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Your NameBetty

posted July 7, 2010 at 12:45 pm


“Sons of God” is certainly not high church, but remember it’s far too politically incorrect to make it today, being insensitive to women “sons”, and embarrassingly literal “eat His Body, drink His Blood” to make it as a modern song. I remember the words of another verse that also is in discord with our so modern sensibilities:
If we want to live with Him
We must also die with Him
Die to selfishness and sin
And we’ll live forever!



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Chris

posted July 7, 2010 at 1:38 pm


I’ve seen few topics that create more division than what is “good” or “appropriate” music for mass, and I’ve often pondered why this topic is so divisive.
Music is highly cultural an emotional. The style of a music itself produces different feelings and attitudes in different generations and groups of people. I don’t propose this at all, but why not have “rap” music at a church service? You can sacred scripture as rap in pure a cappella (unquestionable lyrics; no instruments.) Why does this sound offensive? (It sounds offensive to me!) Is it the tones themselves? The beat? What? I don’t know how to answer this other than cultural associations with music; it is not “conductive” to prayer.
I’ve also found that certain mediocre songs, that were played during eventful times in my life also resonate spiritually with me.
We have a huge famous protestant megachurch near us, with enough money to do whatever they want. How do they solve this problem? They have 4 different “tents”, each playing it’s own genre of music, and live-video in the pastor from the main tent. And they must have a dozen different genre’s of music going on over the weekend. “Want to attend the Hawaiian service?” I don’t propose we do this at all! But, even those who are extremely free to do whatever they want can’t make everyone happy.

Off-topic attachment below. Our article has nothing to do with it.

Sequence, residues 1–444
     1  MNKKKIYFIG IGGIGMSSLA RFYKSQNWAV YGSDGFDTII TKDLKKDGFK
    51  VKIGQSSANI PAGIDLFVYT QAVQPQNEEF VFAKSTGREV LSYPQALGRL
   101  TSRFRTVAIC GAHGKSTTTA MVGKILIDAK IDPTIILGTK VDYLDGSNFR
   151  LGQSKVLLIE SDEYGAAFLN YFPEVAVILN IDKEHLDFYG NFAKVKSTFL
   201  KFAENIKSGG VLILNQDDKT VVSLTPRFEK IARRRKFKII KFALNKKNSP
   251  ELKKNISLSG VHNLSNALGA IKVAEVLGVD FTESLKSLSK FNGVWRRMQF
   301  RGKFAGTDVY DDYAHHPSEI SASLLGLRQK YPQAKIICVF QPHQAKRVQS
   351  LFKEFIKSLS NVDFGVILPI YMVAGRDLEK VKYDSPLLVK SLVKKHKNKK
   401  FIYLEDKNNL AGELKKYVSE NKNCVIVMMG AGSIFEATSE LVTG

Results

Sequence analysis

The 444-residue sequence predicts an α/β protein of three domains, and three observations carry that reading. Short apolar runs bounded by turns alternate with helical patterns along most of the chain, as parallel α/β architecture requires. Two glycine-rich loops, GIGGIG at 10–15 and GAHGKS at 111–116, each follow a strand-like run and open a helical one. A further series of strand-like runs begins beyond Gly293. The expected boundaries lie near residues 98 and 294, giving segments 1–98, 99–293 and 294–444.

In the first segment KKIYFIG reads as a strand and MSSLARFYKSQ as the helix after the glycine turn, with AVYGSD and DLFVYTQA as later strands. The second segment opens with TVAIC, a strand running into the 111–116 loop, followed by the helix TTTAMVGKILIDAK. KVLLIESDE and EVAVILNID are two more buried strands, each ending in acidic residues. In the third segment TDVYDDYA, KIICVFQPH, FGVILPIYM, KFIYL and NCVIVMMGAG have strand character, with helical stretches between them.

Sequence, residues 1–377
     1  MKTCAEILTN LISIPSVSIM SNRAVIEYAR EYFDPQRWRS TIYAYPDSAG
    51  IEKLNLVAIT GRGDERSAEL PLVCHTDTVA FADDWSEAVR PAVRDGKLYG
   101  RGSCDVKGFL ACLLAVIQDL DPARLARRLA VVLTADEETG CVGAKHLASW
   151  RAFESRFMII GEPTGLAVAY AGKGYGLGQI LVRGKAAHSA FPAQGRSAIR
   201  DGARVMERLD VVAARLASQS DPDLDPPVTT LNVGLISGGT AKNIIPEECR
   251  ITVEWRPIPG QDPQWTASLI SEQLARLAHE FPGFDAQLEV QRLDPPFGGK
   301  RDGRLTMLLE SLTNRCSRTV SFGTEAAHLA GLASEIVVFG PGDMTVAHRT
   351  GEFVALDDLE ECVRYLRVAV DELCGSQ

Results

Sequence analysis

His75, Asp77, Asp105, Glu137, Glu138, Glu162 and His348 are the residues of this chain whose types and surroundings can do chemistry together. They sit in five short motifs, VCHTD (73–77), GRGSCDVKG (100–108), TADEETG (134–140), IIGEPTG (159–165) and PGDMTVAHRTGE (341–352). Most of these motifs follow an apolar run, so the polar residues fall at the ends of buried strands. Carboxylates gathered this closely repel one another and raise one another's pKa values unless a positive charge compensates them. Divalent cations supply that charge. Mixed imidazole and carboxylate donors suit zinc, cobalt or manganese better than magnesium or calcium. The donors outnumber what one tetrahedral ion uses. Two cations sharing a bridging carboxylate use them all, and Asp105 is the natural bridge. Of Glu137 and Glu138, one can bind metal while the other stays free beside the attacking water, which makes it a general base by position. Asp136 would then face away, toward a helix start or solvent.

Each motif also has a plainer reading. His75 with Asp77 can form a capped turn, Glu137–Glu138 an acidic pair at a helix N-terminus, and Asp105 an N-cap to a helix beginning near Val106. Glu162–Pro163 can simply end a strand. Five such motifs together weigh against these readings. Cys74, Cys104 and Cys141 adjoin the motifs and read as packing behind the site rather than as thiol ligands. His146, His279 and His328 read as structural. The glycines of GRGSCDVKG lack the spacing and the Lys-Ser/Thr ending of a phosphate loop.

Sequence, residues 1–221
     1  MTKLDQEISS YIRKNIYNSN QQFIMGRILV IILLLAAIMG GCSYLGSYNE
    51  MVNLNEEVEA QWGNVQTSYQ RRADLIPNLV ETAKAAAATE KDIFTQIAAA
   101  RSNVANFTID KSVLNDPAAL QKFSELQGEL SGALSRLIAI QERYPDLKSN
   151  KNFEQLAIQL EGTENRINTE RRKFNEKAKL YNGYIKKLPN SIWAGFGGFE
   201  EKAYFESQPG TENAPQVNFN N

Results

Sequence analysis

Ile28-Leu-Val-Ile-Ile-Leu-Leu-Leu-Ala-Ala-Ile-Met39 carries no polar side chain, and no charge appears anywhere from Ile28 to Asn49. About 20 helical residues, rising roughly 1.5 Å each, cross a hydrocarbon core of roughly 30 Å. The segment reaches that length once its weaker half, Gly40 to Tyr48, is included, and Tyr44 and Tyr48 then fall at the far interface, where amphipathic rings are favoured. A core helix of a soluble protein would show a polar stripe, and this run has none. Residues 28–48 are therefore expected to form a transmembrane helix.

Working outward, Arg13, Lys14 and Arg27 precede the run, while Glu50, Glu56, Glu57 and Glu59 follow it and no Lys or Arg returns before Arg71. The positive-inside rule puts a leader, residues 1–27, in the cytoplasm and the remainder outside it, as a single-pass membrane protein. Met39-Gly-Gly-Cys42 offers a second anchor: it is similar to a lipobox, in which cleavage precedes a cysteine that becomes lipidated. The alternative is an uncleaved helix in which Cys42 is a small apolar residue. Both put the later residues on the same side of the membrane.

The best I’ve been able to come up with is this:
People get upset because they care about the Mass; this is a good thing. I think culture gets confused with Tradition sometimes.
The Eucharist consecrates the music, not the other way around.



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Paul Snatchko

posted July 7, 2010 at 1:47 pm


As someone who was raised in the late ’80s and early ’90s, I grew up with a lot of the songs on that list — both at my hometown parish and in the campus ministry setting.
And, I like many of them. They were part of a Church experience that was (and is) very meaningful to me.
I especially object to the inclusion of “City of God” on the list. It was the recessional hymn of the Papal Mass in Central Park in October, 1995. It is forever tied to my memories of that wonderful morning and Pope John Paul II’s inspiring message to us.
P.S. Matt Maher has an awesome take on “Here, I Am Lord.”



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Deacon Greg Kandra

posted July 7, 2010 at 1:53 pm


I’m reminded of my pastor’s least-favorite song, also from this era: “Whatsoever You Do.”
Which is another one that suffered a sudden castration when “Whatsoever you do to the least of my brothers…” became “…least of my people.”



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Pitkiwi

posted July 8, 2010 at 4:39 am


Every time that we sing City of God, I can’t help but think “ON TOP OF SPAGHETTI! ALL COVERED WITH CHEESE…..”



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Peg

posted July 8, 2010 at 9:00 pm


I remember Ray Repp’s music and we were grateful to have anything to sing in English as so few knew or cared about the Latin. As we used to say, Latin is a dead language. First it killed the Romans, now it’s killing me. Music is God’s language, I’ve heard said. Thank God, God’s multilingual! I guess I’m a both/and kind of person in music and in life. ;-) What I dislike is changing the words in a known song. Imagine if after years of saying the Hail Mary, the words were changed to “Jesus is with you” or “God is with you”? Heck, most of us still struggle over “Ghost” and “Spirit” or among and amongst. It’s a good thing God is patient with us humans!